I’m in Budapest this week for a conference co-hosted by Google and Central European University– “Internet at Liberty 2010.” The highlight of this morning’s sessions was a “very short history of the internet and free expression” offered by Rob Faris of Harvard’s Berkman Center; I’d commend you to read Jillian York’s liveblog of that session if you’re curious. The highlight of the afternoon, and what I’ll reflect on, was a conversation looking at the challenges for the internet industry in dealing with the issues surrounding freedom of expression on the internet. In these questions of corporate policy lie much of the current struggle to ensure the free flow of information and freedom of expresion on the internet. And tension between these values and concerns of privacy, security and decency are driving much of the debate.
As Leslie Harris of Center for Democracy and Technology aptly put it in a comment, content hosts like Facebook are, in many ways, the “arbiters of free speech” in our technology-dense world. With the network becoming increasingly global, they often find themselves caught between protecting the value of free speech and obeying the rule of law– what’s free speech in one place might be libelous, or obscene, or just downright felonious somewhere else. So when one country comes to Facebook with a request that they remove some piece of content, Facebook has to make a choice. A choice that Lord Richard Allan, Facebook’s head of European Privacy, describes as choosing the lesser of two evils.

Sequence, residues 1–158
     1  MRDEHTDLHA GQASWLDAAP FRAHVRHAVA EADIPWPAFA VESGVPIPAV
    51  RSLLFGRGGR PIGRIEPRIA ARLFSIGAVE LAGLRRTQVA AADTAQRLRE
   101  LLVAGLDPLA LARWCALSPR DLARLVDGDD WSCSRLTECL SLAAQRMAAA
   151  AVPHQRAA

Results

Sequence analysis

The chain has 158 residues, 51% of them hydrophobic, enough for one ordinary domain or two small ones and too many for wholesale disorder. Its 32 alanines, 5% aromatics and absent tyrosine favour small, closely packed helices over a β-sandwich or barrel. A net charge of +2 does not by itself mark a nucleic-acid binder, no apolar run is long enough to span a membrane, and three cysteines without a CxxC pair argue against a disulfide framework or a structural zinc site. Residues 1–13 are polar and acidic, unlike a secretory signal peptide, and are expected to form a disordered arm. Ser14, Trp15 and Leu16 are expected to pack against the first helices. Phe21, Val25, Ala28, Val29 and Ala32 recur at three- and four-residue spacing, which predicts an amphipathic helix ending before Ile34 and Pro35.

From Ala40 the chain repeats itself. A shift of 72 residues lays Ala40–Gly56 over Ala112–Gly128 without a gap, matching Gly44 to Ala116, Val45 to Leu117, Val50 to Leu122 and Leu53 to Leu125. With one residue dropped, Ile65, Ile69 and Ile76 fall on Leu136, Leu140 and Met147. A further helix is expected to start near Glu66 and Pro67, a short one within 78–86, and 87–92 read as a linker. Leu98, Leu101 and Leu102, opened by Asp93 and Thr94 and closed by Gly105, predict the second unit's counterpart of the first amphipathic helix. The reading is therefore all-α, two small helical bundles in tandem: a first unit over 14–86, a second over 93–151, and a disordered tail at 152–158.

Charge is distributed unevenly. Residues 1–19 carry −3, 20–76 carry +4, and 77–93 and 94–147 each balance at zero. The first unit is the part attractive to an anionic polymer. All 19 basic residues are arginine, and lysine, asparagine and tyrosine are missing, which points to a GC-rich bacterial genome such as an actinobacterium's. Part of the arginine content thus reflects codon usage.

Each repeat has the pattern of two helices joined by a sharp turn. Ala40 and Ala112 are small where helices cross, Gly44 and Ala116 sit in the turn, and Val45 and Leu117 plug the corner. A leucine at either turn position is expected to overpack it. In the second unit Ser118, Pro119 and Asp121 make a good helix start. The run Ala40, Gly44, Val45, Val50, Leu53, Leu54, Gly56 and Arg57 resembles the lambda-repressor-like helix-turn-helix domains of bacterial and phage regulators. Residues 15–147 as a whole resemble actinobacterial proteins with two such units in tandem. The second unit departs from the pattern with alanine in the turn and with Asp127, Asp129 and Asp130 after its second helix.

Illustrating one of the evils Facebook has chosen was the scandal earlier this year around the Facebook group “Draw Mohammed Day.” Despite the Pakistani government’s demands to eliminate the group, Facebok deemed it a legitimate expression of free speech. As the inevitable consequence, Pakistan blocked access to all of Facebook for a period of days. In the end, Facebook and the Pakistani government both earned the ire of different groups.
But there have been other instances in which Facebook has chosen to censor content– the conversation today took a zany turn today for a case study on breastfeeding. In the United States, it turns out, breastfeeding in public is against the law. And in compliance with the law, Facebook has taken down thousands of photos of women breastfeeding– including many photos taken outside the U.S., and submitted by users living outside the U.S. But because they’re accessible in the U.S., Facebook won’t host the photos; they could be sued if they did.
It’s certainly a curious position for a company to be in, making decisions about what constitutes free speech and what’s over the line. And it can surely become an uncomfortable position when they make a controversial call. But what’s the altnerative? The role of the intermediary– Facebook, in this case– is one of the toughest questions for people working on these issues, and incorporates huge concerns about privacy and security. I’m looking forward to more of this discussion tomorrow. Check back here for more in-depth recap and analysis…
(Unrelated, I was on the radio today– AM 1500 in DC– talking about digital diplomacy. Enjoy.)